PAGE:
By Andrea Robinson
Updated: March 02, 2016

What makes some reds chill well while others dont? The secret is in tannin, a component from the grapes skins that gives red wines their gripping, tongue-drying texture. Chilling amplifies the effect and can make red wine seem bitter. But some softer tannic wines (ones with a less intense and lower amount of tannins) actually benefit from chilling, because it pumps up their fruitiness and makes them even more refreshing. Theres nothing on the label to tell you whether a wine is suitable for chilling; you just need to know what varietals to look for. Here are the best.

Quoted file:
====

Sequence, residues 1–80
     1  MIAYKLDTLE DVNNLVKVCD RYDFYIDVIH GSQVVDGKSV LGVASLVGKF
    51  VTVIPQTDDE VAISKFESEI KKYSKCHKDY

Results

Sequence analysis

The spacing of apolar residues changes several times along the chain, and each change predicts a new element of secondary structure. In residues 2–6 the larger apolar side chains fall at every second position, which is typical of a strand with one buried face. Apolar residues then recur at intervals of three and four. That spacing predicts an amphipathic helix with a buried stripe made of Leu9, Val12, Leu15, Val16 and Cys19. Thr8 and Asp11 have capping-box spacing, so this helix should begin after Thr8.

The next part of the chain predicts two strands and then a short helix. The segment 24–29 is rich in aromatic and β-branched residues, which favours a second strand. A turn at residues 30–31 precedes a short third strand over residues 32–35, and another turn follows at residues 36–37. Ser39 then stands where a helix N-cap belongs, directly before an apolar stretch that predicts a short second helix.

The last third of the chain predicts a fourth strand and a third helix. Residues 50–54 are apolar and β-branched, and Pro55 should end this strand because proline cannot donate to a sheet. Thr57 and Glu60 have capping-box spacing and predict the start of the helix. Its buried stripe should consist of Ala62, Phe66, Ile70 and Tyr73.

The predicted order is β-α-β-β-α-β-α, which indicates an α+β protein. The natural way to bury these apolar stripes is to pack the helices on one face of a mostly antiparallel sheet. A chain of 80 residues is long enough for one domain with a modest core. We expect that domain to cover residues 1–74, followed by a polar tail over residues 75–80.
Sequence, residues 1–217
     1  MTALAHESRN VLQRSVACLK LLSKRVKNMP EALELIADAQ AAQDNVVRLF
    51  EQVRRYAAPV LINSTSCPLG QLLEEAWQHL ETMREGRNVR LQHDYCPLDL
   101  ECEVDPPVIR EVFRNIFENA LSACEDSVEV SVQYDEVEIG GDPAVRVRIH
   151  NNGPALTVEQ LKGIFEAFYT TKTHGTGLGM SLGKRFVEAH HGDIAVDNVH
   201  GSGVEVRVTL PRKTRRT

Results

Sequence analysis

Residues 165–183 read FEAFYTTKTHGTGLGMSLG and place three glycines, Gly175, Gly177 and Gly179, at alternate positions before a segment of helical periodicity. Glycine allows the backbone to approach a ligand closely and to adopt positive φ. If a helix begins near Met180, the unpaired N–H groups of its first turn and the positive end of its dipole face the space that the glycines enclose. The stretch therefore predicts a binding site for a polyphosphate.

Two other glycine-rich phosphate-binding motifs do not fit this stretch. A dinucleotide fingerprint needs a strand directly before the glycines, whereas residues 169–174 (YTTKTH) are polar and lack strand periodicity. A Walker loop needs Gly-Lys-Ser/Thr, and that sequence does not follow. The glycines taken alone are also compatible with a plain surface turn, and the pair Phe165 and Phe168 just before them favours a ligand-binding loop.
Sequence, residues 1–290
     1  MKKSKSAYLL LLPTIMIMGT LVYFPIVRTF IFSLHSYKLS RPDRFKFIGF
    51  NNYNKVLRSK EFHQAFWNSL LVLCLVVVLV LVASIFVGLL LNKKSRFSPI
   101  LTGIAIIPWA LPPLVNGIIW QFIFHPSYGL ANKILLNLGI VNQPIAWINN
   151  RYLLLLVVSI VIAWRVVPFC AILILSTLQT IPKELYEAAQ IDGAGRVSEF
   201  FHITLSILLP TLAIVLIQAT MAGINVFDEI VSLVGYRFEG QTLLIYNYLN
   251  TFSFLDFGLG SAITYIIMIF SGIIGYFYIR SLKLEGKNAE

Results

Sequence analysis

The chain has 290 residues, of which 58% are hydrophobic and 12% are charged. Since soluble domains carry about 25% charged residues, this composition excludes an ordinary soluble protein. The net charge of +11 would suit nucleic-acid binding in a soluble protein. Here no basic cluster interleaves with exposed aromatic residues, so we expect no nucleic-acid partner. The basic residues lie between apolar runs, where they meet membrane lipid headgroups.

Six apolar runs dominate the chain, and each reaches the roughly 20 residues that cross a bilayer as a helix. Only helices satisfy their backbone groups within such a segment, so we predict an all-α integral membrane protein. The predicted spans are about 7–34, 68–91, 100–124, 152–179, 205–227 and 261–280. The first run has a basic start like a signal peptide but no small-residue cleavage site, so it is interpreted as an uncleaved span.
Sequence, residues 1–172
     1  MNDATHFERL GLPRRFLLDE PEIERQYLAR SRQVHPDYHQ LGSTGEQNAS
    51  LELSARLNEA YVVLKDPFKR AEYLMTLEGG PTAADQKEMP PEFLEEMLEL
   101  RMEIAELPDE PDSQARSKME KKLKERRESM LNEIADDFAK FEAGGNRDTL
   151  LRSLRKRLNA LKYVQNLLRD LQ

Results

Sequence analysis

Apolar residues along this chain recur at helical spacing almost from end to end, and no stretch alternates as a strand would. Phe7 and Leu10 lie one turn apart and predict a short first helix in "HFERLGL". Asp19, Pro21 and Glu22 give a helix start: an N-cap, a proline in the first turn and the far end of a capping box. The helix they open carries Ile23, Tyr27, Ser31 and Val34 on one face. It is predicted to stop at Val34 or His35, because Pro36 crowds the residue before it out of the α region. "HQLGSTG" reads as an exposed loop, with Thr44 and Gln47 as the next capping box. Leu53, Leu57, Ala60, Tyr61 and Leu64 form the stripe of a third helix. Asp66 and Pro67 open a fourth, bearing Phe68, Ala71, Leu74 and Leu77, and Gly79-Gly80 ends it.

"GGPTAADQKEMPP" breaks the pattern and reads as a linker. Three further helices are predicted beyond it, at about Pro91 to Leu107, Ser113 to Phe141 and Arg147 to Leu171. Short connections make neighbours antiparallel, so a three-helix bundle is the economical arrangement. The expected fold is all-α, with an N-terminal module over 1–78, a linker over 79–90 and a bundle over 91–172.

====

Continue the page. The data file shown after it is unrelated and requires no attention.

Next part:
For pork, poultry, salmon, and other light meals:
A subtle, earthy, elegant option is Pinot Noir. Firesteed 2006 ($16) from Oregon takes on a snappy cranberry-cherry flavor when chilled.

For spicier grilled fare such as barbecue or sausage:
French Beaujolais-Villages such as Georges Dubœuf ($12) or Louis Jadot ($12) are grapey and juicy.

For steaks and burgers:
Chill a California Zinfandel like the dark berry–flavored Rancho Zabaco Dry Creek Valley ($24).